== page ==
University of Dayton political scientist Michelle Pautz explores how movies influence our opinions of government in a new book that looks at the top box office grossing films of the 21st century.
“Films are subtle in the way they inform and provoke thinking in their audiences,” said Pautz, associate professor and assistant provost for the University’s Common Academic Program. “When it comes to bureaucrats, we aren’t necessarily cognizant that we are seeing images of them but they are prominent in film — just as they are in real life — and these images can influence our views on government.”
Pautz’s book, Civil Servants on the Silver Screen: Hollywood’s Depiction of Government and Bureaucrats, examines hundreds of government workers in films released from 2000 to 2015 — from the fictional Ministry of Magic employees of Harry Potter to the pilots in the dramatization Pearl Harbor.
While nearly half the films portrayed government as a whole in a negative way — which aligns with popular opinion — most of the individual characters were shown positively, Pautz found. They were often physically attractive and younger. Their most common attributes: intelligence, strength, loyalty, kindness and dedication.
Pautz also found evidence audiences change their opinions after watching movies. She asked people about government and policy issues — including how much people trust Washington to do what’s right — before and after watching films like The Day After Tomorrow, Argo and Zero Dark Thirty. Their trust in the government improved, for instance, after watching Argo, which chronicled a CIA operation to rescue six Americans in Tehran during the 1979 U.S. hostage crisis in Iran.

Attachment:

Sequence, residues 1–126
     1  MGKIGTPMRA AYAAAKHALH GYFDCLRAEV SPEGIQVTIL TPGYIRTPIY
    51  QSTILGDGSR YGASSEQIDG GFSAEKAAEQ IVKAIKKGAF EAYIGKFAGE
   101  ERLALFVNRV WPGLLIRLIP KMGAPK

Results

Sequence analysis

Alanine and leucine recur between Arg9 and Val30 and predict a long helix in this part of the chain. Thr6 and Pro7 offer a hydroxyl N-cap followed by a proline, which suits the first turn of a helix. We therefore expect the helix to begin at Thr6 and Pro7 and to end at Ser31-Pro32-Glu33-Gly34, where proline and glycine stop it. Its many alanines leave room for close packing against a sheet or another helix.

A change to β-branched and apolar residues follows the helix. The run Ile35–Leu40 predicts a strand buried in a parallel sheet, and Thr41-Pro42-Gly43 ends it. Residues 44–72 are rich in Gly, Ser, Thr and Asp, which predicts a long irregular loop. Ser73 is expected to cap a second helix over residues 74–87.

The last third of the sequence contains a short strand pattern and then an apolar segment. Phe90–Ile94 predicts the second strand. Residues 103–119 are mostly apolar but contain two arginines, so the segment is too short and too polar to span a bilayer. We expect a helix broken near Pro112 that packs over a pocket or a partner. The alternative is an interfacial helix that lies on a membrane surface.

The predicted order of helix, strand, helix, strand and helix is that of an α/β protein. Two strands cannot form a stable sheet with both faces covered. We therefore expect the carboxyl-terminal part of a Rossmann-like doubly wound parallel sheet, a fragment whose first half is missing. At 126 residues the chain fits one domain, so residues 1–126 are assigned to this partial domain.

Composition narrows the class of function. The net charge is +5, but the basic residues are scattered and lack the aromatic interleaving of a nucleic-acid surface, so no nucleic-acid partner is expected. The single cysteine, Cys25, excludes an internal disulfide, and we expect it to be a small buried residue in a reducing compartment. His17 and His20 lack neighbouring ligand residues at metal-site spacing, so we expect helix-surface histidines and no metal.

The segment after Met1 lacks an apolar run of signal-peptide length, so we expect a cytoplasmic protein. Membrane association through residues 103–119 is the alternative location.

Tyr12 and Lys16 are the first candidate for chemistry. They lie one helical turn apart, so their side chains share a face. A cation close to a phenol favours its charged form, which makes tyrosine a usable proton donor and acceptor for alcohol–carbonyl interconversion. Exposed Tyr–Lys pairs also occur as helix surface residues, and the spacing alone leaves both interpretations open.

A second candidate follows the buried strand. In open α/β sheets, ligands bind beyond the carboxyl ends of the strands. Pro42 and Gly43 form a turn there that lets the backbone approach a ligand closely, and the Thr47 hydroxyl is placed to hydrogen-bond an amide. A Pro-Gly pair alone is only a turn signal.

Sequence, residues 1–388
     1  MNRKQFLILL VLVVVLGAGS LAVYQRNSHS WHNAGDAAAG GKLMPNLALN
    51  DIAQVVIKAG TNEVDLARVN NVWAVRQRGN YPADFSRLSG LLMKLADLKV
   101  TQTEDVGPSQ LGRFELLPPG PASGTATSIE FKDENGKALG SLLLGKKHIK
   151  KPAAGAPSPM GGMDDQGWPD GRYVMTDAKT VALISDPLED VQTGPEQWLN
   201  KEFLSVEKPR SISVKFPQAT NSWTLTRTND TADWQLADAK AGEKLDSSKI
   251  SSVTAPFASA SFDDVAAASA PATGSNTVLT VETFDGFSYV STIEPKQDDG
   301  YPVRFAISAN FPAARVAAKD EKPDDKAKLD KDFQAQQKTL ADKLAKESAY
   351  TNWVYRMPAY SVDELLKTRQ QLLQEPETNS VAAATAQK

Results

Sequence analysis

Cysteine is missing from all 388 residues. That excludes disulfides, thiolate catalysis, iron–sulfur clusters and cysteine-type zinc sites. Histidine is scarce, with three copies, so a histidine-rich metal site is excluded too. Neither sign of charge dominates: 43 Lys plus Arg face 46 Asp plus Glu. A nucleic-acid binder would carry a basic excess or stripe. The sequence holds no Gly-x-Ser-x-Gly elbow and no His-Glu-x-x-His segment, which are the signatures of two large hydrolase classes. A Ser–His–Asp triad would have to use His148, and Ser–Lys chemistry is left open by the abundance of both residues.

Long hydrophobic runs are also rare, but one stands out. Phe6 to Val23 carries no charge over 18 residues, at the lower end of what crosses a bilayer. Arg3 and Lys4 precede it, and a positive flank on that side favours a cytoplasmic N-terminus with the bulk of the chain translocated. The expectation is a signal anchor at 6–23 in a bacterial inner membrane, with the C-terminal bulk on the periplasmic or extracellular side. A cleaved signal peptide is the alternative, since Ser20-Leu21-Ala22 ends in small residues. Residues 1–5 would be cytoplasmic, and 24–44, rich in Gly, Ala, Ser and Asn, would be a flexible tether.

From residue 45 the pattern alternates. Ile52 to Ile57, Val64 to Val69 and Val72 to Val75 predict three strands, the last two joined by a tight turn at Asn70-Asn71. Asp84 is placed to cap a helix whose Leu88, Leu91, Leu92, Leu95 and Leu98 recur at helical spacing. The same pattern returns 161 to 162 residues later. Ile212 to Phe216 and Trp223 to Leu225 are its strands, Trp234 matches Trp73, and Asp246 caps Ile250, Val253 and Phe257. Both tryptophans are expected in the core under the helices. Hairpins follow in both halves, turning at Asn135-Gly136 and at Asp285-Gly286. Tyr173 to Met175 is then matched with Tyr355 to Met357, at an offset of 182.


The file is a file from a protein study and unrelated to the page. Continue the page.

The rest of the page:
“It’s interesting that a quarter to a third of audience members changed their responses to the question after watching one movie that lasts just a few hours,” Pautz said.
Pautz cautions it’s almost impossible to prove scientifically that watching films will change your opinion. But for now she says: “Most Americans have a love-hate relationship with the government, and we see that complexity extends to film.”
Interested in learning more? In The Academic Minute, Pautz discusses how bureaucrats are shown in a different light in the dark of the theater.